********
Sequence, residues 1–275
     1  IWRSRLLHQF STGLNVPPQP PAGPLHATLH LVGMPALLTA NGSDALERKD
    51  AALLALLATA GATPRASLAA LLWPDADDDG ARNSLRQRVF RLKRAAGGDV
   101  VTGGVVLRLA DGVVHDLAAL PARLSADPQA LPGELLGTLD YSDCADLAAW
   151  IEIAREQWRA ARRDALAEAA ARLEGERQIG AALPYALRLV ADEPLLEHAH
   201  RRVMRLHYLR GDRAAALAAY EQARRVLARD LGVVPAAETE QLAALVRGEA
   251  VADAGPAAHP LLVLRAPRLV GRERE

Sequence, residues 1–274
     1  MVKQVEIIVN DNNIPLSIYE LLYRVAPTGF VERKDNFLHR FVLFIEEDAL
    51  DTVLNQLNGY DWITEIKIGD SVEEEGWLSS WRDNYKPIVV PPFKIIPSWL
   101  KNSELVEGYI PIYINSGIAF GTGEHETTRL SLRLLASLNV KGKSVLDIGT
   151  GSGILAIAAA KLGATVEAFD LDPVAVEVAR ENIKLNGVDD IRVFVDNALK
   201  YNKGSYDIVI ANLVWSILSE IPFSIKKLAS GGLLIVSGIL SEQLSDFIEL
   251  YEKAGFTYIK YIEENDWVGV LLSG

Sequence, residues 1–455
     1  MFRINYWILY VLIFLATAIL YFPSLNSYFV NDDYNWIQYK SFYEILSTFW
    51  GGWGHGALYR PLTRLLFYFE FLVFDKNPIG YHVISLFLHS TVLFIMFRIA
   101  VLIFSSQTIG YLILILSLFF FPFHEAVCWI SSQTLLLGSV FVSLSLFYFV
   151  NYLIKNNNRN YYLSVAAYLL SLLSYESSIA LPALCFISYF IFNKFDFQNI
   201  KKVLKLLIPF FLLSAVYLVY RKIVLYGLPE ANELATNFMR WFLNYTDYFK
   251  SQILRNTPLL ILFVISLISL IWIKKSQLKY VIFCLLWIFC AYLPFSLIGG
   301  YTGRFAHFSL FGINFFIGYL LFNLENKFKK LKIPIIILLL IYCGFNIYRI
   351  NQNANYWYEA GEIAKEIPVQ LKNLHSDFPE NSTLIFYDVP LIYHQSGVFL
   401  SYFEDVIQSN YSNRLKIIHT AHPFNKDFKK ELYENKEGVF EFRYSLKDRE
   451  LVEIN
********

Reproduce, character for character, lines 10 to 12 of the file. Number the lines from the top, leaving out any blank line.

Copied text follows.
    51  DTVLNQLNGY DWITEIKIGD SVEEEGWLSS WRDNYKPIVV PPFKIIPSWL
   101  KNSELVEGYI PIYINSGIAF GTGEHETTRL SLRLLASLNV KGKSVLDIGT
   151  GSGILAIAAA KLGATVEAFD LDPVAVEVAR ENIKLNGVDD IRVFVDNALK